The areca palm, also known as the butterfly and golden cane palm is the most popular grown indoors from the dypsis genus, and easy to grow. Multiple cane like stems grow from the root system and produce attractive arching fronds, with quite narrow leaflets. The areca is known as a cane type palm because of the bamboo cane looking stems once it's matured. They're also very similar to the feather types (especially the kentia palm) that display similar leaflets (leaves) and grows up to about the same height indoors.
Most people find growing and maintaining this undemanding plant easy enough. One of the worst things a grower can do is overwater and allow water to stagnate near the root system, otherwise they're a real pleasure to grow. All plants clean air borne toxins for us to breath in healthier oxygen, but palms (including the dypsis lutescens) was named as one of the best air purifying plants, after a scientific clean air study was completed by Wolverton and Nasa.
Clusia lends both an exotic and classy look to our Florida tropical landscape. The leaves are thick with a leathery texture, are rather large at 4-6” and teardrop-shaped. Clusia, once established, are both drought and salt tolerant making them a natural choice for our island environment.
While this plant is low-maintenance and trouble-free, they do branch out close to the ground and can get very wide. They make excellent privacy hedges as well as large accent plants for the landscape. The Rosea is the native variety and has pinkish-white flowers that appear in the summer, usually at night, that might last through the morning on cloudy days.
Clusia are evergreen shrubs that will grow in full sun to partial shade. They are moderately fast growers. For a classic yet exotic hedge or specimen tree, the Clusia is a very good choice.
Handsome and hardy, podocarpus is the ultimate in a low-maintenance shrub for sun or shade. The soft, fine-textured foliage is great-looking when sheared as a formal hedge or left to grow more naturally as a large accent with minimal trimming required. Because of its moderate growth rate it won't work as a hedge-in-a-hurry. But given enough time these shrubs become thick, luxurious, full to the ground - and large enough to work as hedge bushes, privacy screens, or plants to camouflage unsightly things around the house. You can grow this shrub as a tree, if you wish - it will form a large oval shape and lower branches can be trimmed up or left on.
You can keep this shrub clipped without taking it down to the bare minimum of foliage...especially if you've planned ahead for the size of a mature plant. Because it takes shaping so well, this plant will fit in a narrow-depth area and can even be trained as a topiary specimen.
This is a moderate grower you can keep 5 to 7 feet or let it get larger - quite a bit, in fact, since the plant can grow as much as 40 feet tall. It's evergreen, salt-tolerant, and cold tolerant, so it does well in any area of South Florida. Sun or shade is just fine, though in shade these plants will grow more slowly. However, the color will look deeper and richer in a shadier spot than in a sunny one.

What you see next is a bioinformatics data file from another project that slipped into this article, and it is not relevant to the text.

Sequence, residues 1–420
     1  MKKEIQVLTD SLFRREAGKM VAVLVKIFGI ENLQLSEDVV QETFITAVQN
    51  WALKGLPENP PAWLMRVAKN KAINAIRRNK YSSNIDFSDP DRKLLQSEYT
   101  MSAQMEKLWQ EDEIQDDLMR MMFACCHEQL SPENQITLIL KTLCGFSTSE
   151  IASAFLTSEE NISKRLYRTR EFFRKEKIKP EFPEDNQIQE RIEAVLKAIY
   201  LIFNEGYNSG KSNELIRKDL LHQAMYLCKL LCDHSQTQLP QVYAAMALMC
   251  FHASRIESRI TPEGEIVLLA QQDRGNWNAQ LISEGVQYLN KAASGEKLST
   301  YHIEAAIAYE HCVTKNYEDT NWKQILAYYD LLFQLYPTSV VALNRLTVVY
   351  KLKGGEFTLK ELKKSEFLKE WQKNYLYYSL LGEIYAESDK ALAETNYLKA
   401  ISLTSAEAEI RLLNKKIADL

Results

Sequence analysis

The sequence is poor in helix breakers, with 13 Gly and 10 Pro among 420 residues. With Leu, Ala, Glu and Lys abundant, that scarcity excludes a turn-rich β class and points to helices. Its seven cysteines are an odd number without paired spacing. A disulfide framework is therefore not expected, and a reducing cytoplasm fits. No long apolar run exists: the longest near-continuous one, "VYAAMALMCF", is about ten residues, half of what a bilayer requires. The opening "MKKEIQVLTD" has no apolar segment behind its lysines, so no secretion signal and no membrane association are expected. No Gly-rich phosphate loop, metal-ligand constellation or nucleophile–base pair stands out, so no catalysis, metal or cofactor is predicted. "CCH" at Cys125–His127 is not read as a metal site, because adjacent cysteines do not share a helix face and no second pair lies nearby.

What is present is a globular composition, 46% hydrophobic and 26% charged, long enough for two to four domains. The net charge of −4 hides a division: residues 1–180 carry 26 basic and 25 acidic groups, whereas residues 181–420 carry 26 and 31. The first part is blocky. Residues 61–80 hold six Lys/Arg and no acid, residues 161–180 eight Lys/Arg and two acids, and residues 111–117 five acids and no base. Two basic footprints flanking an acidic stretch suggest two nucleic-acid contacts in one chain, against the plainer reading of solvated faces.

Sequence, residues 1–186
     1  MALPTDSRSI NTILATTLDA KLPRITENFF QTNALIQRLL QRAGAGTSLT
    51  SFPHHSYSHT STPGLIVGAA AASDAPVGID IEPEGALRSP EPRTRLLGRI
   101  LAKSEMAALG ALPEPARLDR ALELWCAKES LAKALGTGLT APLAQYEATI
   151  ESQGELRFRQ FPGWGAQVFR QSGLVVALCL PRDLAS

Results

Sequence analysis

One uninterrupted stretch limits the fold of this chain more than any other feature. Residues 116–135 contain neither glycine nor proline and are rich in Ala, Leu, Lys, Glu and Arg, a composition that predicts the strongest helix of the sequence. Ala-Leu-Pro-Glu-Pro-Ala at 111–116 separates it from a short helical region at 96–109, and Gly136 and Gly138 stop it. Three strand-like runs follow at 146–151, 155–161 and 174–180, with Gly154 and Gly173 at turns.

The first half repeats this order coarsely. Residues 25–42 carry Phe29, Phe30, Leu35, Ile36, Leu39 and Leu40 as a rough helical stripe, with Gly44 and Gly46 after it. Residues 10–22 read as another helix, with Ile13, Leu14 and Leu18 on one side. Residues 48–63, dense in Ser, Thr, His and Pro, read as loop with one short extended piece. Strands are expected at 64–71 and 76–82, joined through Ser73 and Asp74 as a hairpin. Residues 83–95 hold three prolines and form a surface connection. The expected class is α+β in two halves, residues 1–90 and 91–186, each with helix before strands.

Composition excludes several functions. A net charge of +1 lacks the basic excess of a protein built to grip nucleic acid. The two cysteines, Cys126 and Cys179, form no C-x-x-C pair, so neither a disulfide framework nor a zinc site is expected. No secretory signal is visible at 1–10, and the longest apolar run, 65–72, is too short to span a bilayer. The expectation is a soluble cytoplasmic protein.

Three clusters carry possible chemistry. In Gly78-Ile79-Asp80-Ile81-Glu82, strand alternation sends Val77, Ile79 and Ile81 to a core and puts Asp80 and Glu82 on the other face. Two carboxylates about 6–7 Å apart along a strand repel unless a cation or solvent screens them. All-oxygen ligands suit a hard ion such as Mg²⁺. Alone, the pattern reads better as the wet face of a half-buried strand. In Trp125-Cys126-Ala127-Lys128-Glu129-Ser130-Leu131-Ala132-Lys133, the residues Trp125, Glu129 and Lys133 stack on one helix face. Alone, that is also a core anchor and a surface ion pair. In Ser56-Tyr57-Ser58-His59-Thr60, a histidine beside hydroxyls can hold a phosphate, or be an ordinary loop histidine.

Agave Blue Tequilana
A fast growing agave that grows to 5 feet tall and wide with 3 to 4 foot long narrow leaves of a beautiful shade of blue gray and brown sharp terminal spine and margin teeth. It sends out pumps, both near the plants base and several feet away on rhizomes so give this plant some room.
Agaves are not difficult plants to grow. If you are the type of person who likes to set it and forget it, and have a sunny window, Agave might be the plant for you. In general Agave doesn't need to be repotted every year. Most of the species commonly found in cultivation grow very slowly and will take a long time to outgrow their pot. It is also best to handle your plant as little as possible, since they do not like to be disturbed.
Plant in full sun in a well drained soil and irrigate very little. This plant needs to be grown where temperatures do not drop below 25°F or even below 27°F for extended periods. This is the plant used in the Jalisco, Mexico as the base ingredient of the distilled spirit called Tequila where it has been cultivated since before the Spanish arrived. Other products derived from this plant include aguamiel and pulque. It is considered a domesticated species without any wild populations known to exist.
Feathery fronds and small stature make the pygmy date palm one of South Florida's most popular landscape palms. This beautiful, easy-care palm works almost anywhere as an accent plant for any size yard...even close to the house or by the pool. Naturally a solitary-trunk palm, it's most often seen with two, three or even four palms planted together to make a multi-trunk specimen. The additional trunks add fullness to its graceful form. A single-trunk pygmy takes up less room and generally grows straight up, making it a good choice for a narrow spot. One with double trunks can frame and showcase a focal point beyond it.
It takes full sun to partial shade, making it easy to find a great planting location in the yard. Happily low-maintenance, a pygmy palm should be planted with top soil as a soil amendment, and fertilized with granular palm fertilizer in spring, summer and fall. Old fronds and occasional seed pods will form a brown "petticoat" under the greenery; trim them off now and then. Water on a regular basis.
Plant at least 3 feet (4 or 5 would be even better) from the house, positioning the trunks of a multi-trunk specimen in a way that makes sense for future growth. Pygmy palms can be grown in containers and work well in pool cage planters, since they grow so slowly and don't get too tall. Give this palm lots of light while in a container.